- ICBA supports and encourages community banks as they innovate, both organically and through partnerships with other innovators.
- ICBA supports a legal and regulatory framework, coupled with a supervisory process and operational environment, that allows this innovation.
- ICBA urges banking regulators and other policymakers to ensure that non-banks that offer financial services directly to customers adhere to the same regulatory requirements and are subject to the same oversight as financial institutions.
- ICBA supports the use of data analytics to help community banks identify and eradicate fraud and enhance the customer relationship by obtaining insight into customers’ financial practices.
- ICBA strongly advocates for the development of financial services, channels, and standards that are centered around secure, insured financial institutions while protecting customer funds, information, and privacy preferences.
- ICBA supports initiatives to improve and enhance banking and payments technological and standards infrastructure that are open to all financial institutions, regardless of size.
- ICBA strives to foster awareness of emerging technologies among community banks through education and member communications.
- Community banks rely on core processing technology to maintain a competitive advantage in today’s ever-changing environment. ICBA is working to ensure core processing technology enables community banks to:
- meet and exceed customer expectations for banking products and services;
- comply with legal and regulatory requirements;
- manage expanded operational risk;
- enhance customer information security; and
- achieve ongoing efficiency and profitability.
- ICBA encourages expansion of the Multi-Regional Data Processing Servicer Program (MDPS), the supervisory program for the largest, systemically-important technology service providers, to include financial technology firms, regardless of their size or industry-risk concentrations.
- ICBA supports streamlining the initial due-diligence requirements banks must conduct on third-party vendors.
Technological innovation and deployment, particularly web and mobile, continues to alter the way that consumers and businesses conduct banking and commerce and influences the products that community banks offer. Additionally, technology deployment is altering the risk profile of community banks and subjecting them to a myriad of regulatory requirements and expanded oversight.
The banking agencies play a valuable role in defining and identifying the risks of existing and emerging technologies for both community banks and their service providers. Any guidance should be crafted in a manner that does not hamper innovation or impose undue burden.
Fintech. Financial technology (known as fintech) companies offer new channels to financial products and services for consumers and small business. Fintech companies can serve as valued partners to community banks, but can also disrupt community banks when they provide financial services directly to customers. Federal and state regulatory frameworks for the licensing and regulation of fintech products and services should include consumer and data-security protections consistent with those that apply to the banking industry.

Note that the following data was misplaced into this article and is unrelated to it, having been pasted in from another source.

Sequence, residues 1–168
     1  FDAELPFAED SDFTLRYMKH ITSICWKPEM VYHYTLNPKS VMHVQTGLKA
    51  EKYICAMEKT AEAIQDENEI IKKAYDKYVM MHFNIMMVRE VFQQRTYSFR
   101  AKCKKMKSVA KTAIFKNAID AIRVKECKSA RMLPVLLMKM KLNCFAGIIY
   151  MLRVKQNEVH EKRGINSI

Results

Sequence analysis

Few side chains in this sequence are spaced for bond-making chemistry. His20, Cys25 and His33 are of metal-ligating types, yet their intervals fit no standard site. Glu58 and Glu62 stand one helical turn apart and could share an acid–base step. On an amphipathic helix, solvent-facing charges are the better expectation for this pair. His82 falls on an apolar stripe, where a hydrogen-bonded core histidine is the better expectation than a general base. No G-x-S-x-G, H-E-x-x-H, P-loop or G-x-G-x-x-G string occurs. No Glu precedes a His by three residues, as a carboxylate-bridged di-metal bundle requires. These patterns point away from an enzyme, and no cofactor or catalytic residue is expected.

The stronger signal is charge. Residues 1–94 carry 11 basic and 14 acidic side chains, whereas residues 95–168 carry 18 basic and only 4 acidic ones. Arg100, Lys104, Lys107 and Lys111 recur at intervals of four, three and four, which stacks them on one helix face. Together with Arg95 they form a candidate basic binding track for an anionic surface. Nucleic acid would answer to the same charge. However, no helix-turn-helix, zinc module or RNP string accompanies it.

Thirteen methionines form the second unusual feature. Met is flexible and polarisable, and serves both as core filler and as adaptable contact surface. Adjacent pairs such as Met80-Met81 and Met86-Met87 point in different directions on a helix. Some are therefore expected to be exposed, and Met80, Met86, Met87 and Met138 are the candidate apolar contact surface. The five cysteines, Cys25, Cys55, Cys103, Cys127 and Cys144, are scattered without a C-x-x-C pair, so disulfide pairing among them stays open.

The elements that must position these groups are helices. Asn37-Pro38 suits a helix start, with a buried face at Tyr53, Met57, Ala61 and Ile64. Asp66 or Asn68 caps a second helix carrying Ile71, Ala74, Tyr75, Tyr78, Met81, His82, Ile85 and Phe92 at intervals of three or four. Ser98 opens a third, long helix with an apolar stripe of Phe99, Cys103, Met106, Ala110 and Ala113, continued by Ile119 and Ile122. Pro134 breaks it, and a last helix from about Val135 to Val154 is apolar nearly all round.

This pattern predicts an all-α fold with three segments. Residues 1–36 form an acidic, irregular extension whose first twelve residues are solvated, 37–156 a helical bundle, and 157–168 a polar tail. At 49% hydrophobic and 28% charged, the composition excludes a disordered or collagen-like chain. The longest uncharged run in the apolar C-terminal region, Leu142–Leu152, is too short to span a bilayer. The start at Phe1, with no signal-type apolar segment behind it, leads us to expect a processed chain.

Data Analytics. Community banks desire to use data analytics to deepen their understanding of their customers and help them make better decisions regarding their financial needs. However, this capability is typically not supported by the core processors serving the community bank marketplace.
Core Processing Technology. Core processing technology, the foundational infrastructure for customer transactions, balances, and histories, is now under greater industry scrutiny and market pressure due to advances in online and mobile channels as well as the entry of non-traditional firms. The established and interconnected nature of core processing technology further compounds community banks’ reliance on this capability to stay competitive, efficient, and profitable.
Expansion of Supervision Authority. The current MDPS program allows for a coordination of agency efforts in the evaluation of the firm as well as a “Single Report of Examination” which is provided to the firm and to the firm’s clients. However, it is mostly the larger core processors with concentrated risk that are the focus of regulatory examinations. Examinations of these companies provide some assurances to their customers, and to themselves, that they meet a certain level of safety and soundness –assurances that are not enjoyed by small technology companies and their customers. Expanding examinations to include more third parties would encourage higher security standards across the industry and provide consistency to the small third-party providers as well as their bank customers. It would also provide another layer of scrutiny, in addition to the bank’s due diligence, on the practices of the third-party.
Additionally, limiting examinations to only the largest processors gives those third parties a competitive edge over small businesses when banks are initially requesting proposals and conducting a review of potential relationships. With the benefit of a successful regulatory examination, these companies obtain more clients, continue to grow their market share and reduce competitive market forces. Furthermore, such a trend places community banks at a disadvantage when negotiating contract terms and requesting certain audits and documentation consistent with their regulatory responsibilities.
Banks are responsible for compiling and submitting initial requests for proposals (RFP) from third parties. Banks must evaluate a third-party’s financial condition, business experience and reputation, legal and regulatory compliance program, risk management program, information security program, reliance on subcontractors and insurance coverage.
Staff Contacts: Cary Whaley and Jeremy Dalpiaz